The Synod: On the consecration of women bishops
Women bishops are a hugely contentious issue for the Church of England, and have been for the better part of the past two decades. Ever since they lost the battle against the ordination of women priests, the Church’s conservative factions have fought to block the next logical step.
Things should finally come to a head at this Synod, however, and the majority of the five-day schedule has been given over to discussing and finalising the wording of draft legislation that will allow and govern the consecration of women as bishops. The principle was accepted in 2008, and this meeting of the Synod is more a means of ratifying the legislation, rather than concocting it.
Both sides of the debate, then, will be viewing this Synod with particular scrutiny. The conservative/traditionalist antis – who make up a tiny minority of congregations and clergy – see it as a last-chance saloon. If they don’t win any concessions, thereby losing the right to be ministered to by an exclusively male clergy, as they have for the time being, there’s a good chance they’ll break away to form a splinter Communion, or even rejoin Rome.
The vast majority of the CofE, though, who are by-and-large progressive and liberal, are seeing this Synod as the end of the road in a good way: they just want an 18-year farrago to reach an end. Most congregations see all this squabbling about ordained women as unseemly, out-of-step with the modern world and, increasingly, damaging to the public image of the Church. They’re in no mood to brook any more delay or distraction.
To an outsider, the arguments must seem pretty simple, but things aren’t as clear cut as you might think: it’s not simply sexists duking it out with progressives. There isn’t the room in this blog to deal with the full debate, but the key thing to understand is that conservatives genuinely don’t see themselves as sexist: women to them were created ‘equal but different’.
They reach this position from several perspectives. Biblically speaking, there were no women apostles, and the Marys, while valued followers of Christ, were notably never described as such. St Paul, too, who probably had a greater hand in shaping early Christianity than any other figure, explicitly stated that women should not hold these positions. Historically, there is plenty of case law too: there are early church laws stating that women can’t be priests, while sects which did try to ordain women (such as the Montanists) were struck down as heretics.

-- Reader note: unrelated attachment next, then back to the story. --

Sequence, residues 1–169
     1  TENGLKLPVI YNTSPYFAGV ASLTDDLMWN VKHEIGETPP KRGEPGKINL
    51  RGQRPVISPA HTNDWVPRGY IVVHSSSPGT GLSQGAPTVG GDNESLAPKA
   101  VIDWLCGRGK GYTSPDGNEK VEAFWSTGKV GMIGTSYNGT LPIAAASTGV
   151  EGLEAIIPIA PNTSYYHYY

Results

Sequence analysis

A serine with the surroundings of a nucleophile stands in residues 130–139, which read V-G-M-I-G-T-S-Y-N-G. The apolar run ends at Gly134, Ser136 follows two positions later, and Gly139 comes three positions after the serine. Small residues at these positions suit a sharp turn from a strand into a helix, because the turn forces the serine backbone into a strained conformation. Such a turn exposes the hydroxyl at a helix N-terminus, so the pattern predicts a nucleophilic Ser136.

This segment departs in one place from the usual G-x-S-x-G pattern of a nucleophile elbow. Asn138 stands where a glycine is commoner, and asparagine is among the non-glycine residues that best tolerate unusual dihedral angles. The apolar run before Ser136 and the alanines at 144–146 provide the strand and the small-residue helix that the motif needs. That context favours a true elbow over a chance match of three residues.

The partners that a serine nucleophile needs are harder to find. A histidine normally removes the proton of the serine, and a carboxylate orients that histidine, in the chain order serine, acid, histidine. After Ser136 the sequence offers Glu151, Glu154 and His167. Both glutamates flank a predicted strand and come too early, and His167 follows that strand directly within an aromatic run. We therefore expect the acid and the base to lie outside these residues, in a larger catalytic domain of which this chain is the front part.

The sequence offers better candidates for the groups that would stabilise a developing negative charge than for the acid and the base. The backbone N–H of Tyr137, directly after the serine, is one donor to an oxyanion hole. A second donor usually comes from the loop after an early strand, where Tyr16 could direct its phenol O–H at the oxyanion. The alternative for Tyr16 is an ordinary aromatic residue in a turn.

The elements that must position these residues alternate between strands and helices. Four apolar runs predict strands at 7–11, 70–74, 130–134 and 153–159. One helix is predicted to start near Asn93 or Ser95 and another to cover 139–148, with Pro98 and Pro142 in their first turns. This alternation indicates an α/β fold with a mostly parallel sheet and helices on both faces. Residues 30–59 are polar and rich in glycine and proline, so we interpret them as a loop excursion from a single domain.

There are theological arguments, too. Conservatives do not see the Anglican Church as being divorced either from Rome or Constantinople – many of them consider themselves ‘Catholics’ in a roundabout way. They say they’ll accept ordained women when the rest of Christendom as a whole accepts them – doing it alone puts Anglicanism at odds with the mainstream of Christianity.
There is an excellent long-form summary of the debate here, which goes into far more detail from a conservative Anglo-Catholic viewpoint.
At the moment, matters have been disrupted an 11th hour intervention by the Archbishops of Canterbury and York, who have taken the near-unprecedented step of tabling an amendment to the draft legislation. This amendment is designed to prevent dissenters from leaving the CofE, essentially by guaranteeing that congregations who can’t accept female bishops, and indeed male priests ordained by women bishops, will be allowed to have their own ‘untainted’ clergy.
This is the great unifier Rowan Williams’ last desperate attempt – alongside Archbishop of York John Sentamu – to keep the Church together, but it probably won’t pass. As I say, the progressive majority want an end to the question, and they’re see Williams’ proposals for the fudge that they are. Essentially, the amendment would inaugurate a tiered system of bishops, with female bishops forming a second, not-wholly-recognised class. This is unacceptable to a CofE which wants full parity now, and which won’t countenance bishops who aren’t quite bishops.
Williams and Sentamu are clearly making this proposal from the heart, but the signs are that the amendment is doomed to fail, and that it could be seen as a resigning issue, taking the two Archbishops with it.
Reabsorbtion into the Roman Catholic Church is not seen as a particularly satisfying solution by anyone except the absolute fringe. For a parish to turn its back on the CofE is tacit acceptance that the CofE was not a part of mainstream Christianity, which could prove too much of a wrench for any but the most hardline congregations. So, for all the Papal invites and dire murmurings of schism, it doesn’t currently look like that many parishes will join Rome. Things could change, though, and this is why all eyes will be on Friday’s Synod – no one really knows what could happen.
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